I arrive at Badlands near sunset. Ethereal beams from the sun filter through the clouds and bring a grey-pink light to the craggy slopes. Looming thunderheads light up in the sun’s presence, and as I wind my way along the park’s highway, the sun turns to blood red as it peeks between clouds. A prairie wind flits across the whole landscape, and here and there travelers have stopped atop the craggy landscape to sit and drink it in. I am loath to rush my way down the road, but nightfall is quickly shrouding the slopes in darkness, and for my trouble the rain begins just as I park at my very exposed site in the car campground. I deal with bathroom tasks and wait it out beneath the picnic shelter, watching the great thunderheads roll through before I set up camp by headlamp. I nod off as the day cools into a bearable temperature, content with a final night in a tent.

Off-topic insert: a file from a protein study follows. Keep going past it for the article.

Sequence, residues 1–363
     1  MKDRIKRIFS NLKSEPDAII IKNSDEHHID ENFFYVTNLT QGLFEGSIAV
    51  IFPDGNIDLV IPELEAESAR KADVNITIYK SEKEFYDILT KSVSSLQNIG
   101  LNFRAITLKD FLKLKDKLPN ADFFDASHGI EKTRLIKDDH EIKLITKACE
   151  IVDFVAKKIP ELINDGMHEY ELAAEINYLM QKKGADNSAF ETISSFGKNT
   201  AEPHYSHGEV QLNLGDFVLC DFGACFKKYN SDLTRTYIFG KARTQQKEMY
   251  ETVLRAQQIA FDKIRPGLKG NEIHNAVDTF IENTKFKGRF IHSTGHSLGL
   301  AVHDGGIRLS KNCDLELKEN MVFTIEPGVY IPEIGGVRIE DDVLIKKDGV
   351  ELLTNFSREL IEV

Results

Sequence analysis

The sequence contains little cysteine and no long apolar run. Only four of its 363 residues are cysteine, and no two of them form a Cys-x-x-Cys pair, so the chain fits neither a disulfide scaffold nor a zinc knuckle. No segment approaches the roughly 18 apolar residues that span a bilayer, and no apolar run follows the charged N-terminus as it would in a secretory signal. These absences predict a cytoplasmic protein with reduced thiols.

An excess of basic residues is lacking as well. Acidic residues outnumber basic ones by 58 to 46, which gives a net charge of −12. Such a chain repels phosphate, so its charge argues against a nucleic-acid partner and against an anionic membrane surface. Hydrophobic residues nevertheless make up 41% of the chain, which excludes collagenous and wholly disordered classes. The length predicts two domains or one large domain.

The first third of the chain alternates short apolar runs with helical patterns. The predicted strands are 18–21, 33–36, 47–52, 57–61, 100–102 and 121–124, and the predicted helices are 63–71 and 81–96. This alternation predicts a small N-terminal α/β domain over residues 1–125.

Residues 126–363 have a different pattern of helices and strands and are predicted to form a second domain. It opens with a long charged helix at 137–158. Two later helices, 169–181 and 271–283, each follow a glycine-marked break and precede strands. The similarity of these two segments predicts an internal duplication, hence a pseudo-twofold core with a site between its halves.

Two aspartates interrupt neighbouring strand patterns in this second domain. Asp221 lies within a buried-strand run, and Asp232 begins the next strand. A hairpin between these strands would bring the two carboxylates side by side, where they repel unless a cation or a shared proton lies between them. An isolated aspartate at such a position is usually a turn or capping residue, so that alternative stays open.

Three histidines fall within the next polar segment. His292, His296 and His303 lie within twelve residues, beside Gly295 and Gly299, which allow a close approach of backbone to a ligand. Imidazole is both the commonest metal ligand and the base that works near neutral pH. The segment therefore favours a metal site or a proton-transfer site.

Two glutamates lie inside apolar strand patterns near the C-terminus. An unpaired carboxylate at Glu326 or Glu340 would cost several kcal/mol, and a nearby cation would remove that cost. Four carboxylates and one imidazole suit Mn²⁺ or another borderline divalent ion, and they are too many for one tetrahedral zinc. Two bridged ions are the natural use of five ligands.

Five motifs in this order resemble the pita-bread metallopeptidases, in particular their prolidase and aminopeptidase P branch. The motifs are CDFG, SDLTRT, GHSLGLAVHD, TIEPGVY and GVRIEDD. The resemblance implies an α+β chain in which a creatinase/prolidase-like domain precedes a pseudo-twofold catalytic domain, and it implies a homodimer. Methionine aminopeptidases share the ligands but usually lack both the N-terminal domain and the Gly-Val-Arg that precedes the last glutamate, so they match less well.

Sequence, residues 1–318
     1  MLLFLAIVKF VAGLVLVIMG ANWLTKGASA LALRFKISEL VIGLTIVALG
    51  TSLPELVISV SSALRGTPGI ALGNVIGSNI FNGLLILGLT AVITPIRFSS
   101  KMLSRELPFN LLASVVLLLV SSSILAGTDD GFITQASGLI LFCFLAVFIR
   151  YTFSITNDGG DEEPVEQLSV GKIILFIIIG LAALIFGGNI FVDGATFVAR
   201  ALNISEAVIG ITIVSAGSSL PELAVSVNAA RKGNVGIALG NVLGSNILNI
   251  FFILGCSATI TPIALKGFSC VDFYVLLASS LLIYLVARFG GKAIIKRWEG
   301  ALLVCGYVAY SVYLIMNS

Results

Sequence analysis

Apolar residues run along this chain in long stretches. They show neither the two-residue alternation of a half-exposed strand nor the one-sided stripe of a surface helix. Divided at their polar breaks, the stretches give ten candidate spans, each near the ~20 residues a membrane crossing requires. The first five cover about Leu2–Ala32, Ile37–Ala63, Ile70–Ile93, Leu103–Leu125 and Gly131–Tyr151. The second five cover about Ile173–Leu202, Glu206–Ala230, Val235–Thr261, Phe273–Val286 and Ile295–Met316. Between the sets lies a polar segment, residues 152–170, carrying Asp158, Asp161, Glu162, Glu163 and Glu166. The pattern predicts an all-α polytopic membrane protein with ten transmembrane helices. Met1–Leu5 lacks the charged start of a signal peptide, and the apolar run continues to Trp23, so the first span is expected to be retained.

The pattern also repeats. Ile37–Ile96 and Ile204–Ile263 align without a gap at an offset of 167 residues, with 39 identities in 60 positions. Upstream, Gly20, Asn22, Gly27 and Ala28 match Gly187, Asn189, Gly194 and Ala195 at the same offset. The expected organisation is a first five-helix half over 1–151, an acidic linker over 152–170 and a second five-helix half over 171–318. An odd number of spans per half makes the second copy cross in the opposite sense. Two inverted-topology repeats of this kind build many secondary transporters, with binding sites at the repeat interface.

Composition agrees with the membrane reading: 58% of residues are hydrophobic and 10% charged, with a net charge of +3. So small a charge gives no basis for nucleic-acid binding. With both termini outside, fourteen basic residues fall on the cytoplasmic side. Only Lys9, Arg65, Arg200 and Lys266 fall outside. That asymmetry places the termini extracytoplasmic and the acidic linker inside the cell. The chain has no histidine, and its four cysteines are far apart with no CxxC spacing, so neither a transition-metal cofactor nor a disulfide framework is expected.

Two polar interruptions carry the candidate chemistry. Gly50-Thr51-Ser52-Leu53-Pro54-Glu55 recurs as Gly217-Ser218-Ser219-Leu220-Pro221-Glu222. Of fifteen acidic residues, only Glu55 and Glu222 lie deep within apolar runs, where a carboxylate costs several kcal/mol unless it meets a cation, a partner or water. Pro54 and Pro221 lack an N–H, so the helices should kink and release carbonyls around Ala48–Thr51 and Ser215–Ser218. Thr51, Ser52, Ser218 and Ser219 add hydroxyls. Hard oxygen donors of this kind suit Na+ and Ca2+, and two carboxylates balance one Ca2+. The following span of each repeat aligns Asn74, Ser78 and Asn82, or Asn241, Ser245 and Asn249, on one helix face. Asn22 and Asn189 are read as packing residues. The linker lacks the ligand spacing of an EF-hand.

There is nothing to say about the rest of the drive; the road from the Badlands to Mankato, Minnesota, is deathly dull, before the banks of a low-water Minnesota River provide some intrigue for the final push into Minneapolis. This part is just the down-payment before cashing in on the rest, the West in all its stark beauty and forlorn silence and the crowds that come to seek it. The open road beckons, and I know I’ll answer its call again.

WRT IV: On and Off the Beaten Path

This is part one of two on a recent western road trip.